Michael A Schmidt, PhD.

Dr. Schmidt doctoral (Ph.D.) research is in Molecular Medicine and Biochemistry at the NASA Ames Research Center, his second Ph.D. in Neuroscience is from Lancaster University, UK. Dr. Schmidt has three decades of experience...

Dr. Schmidt doctoral (Ph.D.) research is in Molecular Medicine and Biochemistry at the NASA Ames Research Center, his second Ph.D. in Neuroscience is from Lancaster University, UK. Dr. Schmidt has three decades of experience with elite performers in wilderness medicine, S.W.A.T., high altitude ascent, Special Forces, NFL, NBA, Olympic athletes, cycling, and motor sports (Le Mans, NASCAR), collaborations with the Mayo Clinic, USMA (West Point), NASA, and others. He directs the Nutritional Genomics Certification Program for US Special Forces for the American Nutrition Association (American College of Nutrition).

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How the Tecton Ketone Behaves in the Body After I Consume It

When considering whether to consume an exogenous ketone, most people want to understand how it will raise their blood ketone levels and for how long.

This kind of question is answered by doing what’s called a pharmacokinetics study (PK, for short). This is done by giving a known dose of the ketone to human beings, taking blood samples repeatedly over a period of time (often zero to 12, or 24 hours), and analyzing that blood for ketones at each time point.

What Does a PK Study Measure?

When conducting a PK test, there are a few measurements to consider.
These are:

Time to Maximum Concentration (Tmax): This is a measure of how long it takes the ketone levels to reach the maximum level in blood.
Maximum Concentration (Cmax): This is a measure of the very highest concentration level the ketone compound reaches in your blood.
Area Under the Curve (AUC): This is a rough measure of how much of the product (ketone) entered the blood over the entire period of measurement. It aggregates all of the ketone levels measured at each time point and does a mathematical calculation to estimate the total that ended up in the blood (or body).
Half Life (t1/2): This is the time it takes for the concentration of the ketone in the blood or the total amount in the body to be reduced by 50%. This gives a good idea of how long the ketone will actively work in the body after you ingest it.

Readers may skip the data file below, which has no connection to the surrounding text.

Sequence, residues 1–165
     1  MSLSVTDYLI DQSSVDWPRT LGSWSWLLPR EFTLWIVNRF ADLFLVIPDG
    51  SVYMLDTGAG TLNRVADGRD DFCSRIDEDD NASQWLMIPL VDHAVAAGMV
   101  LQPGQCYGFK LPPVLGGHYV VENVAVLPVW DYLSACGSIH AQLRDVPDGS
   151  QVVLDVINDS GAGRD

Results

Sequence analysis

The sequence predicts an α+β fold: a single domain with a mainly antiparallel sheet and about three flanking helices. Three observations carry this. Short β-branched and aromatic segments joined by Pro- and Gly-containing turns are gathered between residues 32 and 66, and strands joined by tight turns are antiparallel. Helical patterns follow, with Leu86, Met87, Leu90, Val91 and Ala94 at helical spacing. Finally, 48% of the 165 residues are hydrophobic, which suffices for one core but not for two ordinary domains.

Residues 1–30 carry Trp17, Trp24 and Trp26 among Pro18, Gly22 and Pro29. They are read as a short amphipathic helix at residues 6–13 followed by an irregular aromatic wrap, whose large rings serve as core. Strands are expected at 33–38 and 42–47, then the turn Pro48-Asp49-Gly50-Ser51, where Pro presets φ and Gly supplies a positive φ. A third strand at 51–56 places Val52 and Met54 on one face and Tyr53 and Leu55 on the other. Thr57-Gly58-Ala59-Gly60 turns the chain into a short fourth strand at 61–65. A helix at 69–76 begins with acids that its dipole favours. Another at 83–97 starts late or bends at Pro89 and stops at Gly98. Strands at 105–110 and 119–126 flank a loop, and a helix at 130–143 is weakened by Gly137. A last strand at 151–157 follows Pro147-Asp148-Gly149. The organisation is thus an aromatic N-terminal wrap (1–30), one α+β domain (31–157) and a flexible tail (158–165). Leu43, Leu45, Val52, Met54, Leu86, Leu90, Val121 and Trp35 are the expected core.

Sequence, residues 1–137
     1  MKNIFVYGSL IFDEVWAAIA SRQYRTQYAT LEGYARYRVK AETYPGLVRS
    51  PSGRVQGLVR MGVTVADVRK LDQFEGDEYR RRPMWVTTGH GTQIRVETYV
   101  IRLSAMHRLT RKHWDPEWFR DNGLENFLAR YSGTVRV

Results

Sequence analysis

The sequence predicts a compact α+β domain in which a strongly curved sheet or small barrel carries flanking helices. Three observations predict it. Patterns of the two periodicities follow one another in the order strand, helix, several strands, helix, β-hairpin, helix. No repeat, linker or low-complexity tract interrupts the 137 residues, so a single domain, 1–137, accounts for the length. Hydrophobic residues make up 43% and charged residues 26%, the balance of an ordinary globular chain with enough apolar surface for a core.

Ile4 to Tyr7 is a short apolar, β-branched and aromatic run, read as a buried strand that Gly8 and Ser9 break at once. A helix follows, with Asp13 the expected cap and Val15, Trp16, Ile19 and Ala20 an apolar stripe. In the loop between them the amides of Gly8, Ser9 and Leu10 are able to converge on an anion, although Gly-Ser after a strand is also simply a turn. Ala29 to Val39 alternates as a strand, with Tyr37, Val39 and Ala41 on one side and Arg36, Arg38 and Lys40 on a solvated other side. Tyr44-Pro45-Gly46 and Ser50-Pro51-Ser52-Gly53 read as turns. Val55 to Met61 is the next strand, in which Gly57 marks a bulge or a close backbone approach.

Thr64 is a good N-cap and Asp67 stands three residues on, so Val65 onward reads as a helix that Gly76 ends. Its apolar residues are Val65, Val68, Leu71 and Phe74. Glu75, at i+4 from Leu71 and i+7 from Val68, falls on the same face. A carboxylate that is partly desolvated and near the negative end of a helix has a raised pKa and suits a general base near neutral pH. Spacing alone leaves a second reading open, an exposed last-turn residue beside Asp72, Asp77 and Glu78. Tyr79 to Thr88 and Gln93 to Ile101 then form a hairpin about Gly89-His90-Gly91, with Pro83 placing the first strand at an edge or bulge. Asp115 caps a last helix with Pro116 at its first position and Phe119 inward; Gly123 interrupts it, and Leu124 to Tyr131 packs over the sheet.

What else can a PK study tell us?

Rate of Absorption: This is a measure of how quickly a molecule can enter the bloodstream after it is given. This is usually represented by the portion of the curve up to the Cmax.

Rate of Elimination: This is a measure of how quickly a molecule is metabolized and is no longer circulating within the body.

Tecton’s PK Study with the Mayo Clinic

Tecton conducted its own PK study on its ketone product. Blood was drawn from the study participants at 9 different time points over 12 hours, during a single day. The first blood sample was taken before any ketone was consumed, so that there was a baseline measure of ketones.

After ingestion of the ketone blood samples were taken at regular intervals of time throughout the 12 hours. The participants were fasting during the test, so there would be no dietary interference. Once all the blood samples were collected, they were sent frozen to the Mayo Clinic Metabolomics Core Laboratory for biochemical analysis.

What We Learned

We learned that the Tecton ketone has a rapid rate of absorption. The time to reach its maximum concentration is only 30 minutes. This means that one can expect that the availability of ketones can be realized relatively quickly.
The average maximum concentration (Cmax) of free BHB ketone was 2.4 mM. This is a very positive finding, because this shows that levels high enough to be biologically active are present after ingestion of the product.